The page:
(May 2, 2019) — The international humanitarian relief NGO Doctors Without Borders/Medecins Sans Frontieres (MSF) released a report on the alarming number of Yemeni mothers and children dying from a lack of proper healthcare. They focused on two facilities where they provide free health services. The Saudi led coalition has targeted civilian infrastructure in their bombing campaign, according to the Yemen Data Project 33 airstrikes have directly hit hospitals from April of 2015 through January 2019.
The public health infrastructure has collapsed in Yemen since the war started in 2015, but MSF has increased its presence. MSF runs 20 health facilities, supports many more and employs 2,200 people in the country. One facility they focus on in the report is the Taiz Houban Mother and Child hospital in the Taiz governate, which was converted into a hospital from a hotel in 2015.
The Taiz Houban hospital alone has seen 860 deaths between 2016 and 2018. 17 mothers, 242 children and 601 newborns. 227 of these deaths were children or newborns who were dead on arrival. The other facility in the report, the Abs hospital in the Hajjah governorate, supported by MSF since 2015, recorded the deaths of 705 people. 19 mothers, 269 children and 417 newborns.
The journey to a hospital for these Yemeni mothers and children is a treacherous one, and the extra time it takes them to travel due to the dangerous roads can cost them their lives, “The long distances, the explosions and the clashes make the patients come late. We ask them ‘Why are you late? Why did you not come early?’
They answer that they traveled from 6 am and arrived at midnight. The clashes and the blocked roads made them late. Therefore we receive terrible cases: premature birth, bleeding, dead fetus. Mothers lose their lives. When we ask their families why they came late, they tell us it is because of the security situation and their economic conditions.” One account from Zainab an MSF nurse in Taiz Houban.
This report is just one example of the horrors the Yemeni people have had to live under since the Saudi-UAE coalition declared war on the country with the blessing of Obama. A UN report found that the death toll will reach 233,000 by the end of 2019 if the fighting continues, 102,000 combat deaths and 131,000 indirect deaths due to lack of food, health services and infrastructure.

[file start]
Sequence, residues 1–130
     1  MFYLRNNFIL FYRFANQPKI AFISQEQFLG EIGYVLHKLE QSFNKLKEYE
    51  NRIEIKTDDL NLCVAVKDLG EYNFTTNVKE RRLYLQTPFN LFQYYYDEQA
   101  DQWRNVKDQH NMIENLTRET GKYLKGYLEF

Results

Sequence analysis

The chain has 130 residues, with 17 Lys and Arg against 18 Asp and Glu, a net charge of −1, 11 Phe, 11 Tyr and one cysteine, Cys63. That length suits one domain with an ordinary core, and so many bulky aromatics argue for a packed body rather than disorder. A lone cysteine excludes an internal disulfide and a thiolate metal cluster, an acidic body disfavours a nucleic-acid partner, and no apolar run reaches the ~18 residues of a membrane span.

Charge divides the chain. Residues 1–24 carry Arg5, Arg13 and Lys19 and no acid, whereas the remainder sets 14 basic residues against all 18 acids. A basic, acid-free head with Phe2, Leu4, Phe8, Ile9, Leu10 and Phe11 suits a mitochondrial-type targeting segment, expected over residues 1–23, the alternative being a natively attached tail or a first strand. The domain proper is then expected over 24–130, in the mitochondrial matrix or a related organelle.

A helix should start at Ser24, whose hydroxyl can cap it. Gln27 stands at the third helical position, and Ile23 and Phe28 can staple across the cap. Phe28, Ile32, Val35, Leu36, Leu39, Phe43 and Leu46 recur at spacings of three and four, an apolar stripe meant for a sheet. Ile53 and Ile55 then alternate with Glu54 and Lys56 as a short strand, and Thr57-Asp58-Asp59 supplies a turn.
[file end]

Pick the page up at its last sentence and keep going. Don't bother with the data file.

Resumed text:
The Senate just failed to override Trumps veto on the bill to end our involvement in the war in Yemen. Donald Trump appeared on Fox News this week claiming he wants to help the people of Venezuela, because they are dying and don’t have any food or medicine while he perpetuates this horrible war.
Dave DeCamp is a freelance journalist based in Brooklyn NY, focusing on US Foreign policy and wars. He is on Twitter at @decampdave.
Assessing the Impact of War on Development in Yemen
This study on the “Impact of War on Development in Yemen”, was commissioned end of 2018 in collaboration with Frederick S. Pardee Center for International Futures, Josef Korbel School of International Studies, University of Denver. The researchers undertook the analytical work with a desire to understand the impact of war in Yemen across human, social and economic dimensions of development.
The analysis was undertaken by calibrating a quantitative modeling system called International Futures (IFs) to fit the available information on the impact of war in Yemen to date, and then create four hypothetical analytical scenarios to be explored. One where the conflict ends in 2019, 2022 and finally one where conflict extents all the way to 2030.
To assess the impacts from the conflict across the three conflict scenarios the fourth scenario represents a counter-factual world in which conflict did not escalate beyond 2014. The result is an impact study that quantifies the damages of the war in Yemen across multiple dimension of development such as loss of lives, health, demographics, education, infrastructure and the economy, etc.
The study is intended to advocate to the parties to the conflict on the consequences of the conflict on medium- and long-term development, as recovery to the pre-conflict levels would require two to three generations.
At the same time, the study intends to inform the general public, including the international community, about the level of devastation caused by the conflict in Yemen, and ask those who have influence over either party to the conflict to urgently push towards a sustainable peace deal and a stop to further escalation.
The situation is already extremely severe. If it deteriorates further it will add significantly to prolonged human suffering, retard human development in Yemen, and could further deteriorate regional stability.
Posted in accordance with Title 17, Section 107, US Code, for noncommercial, educational purposes.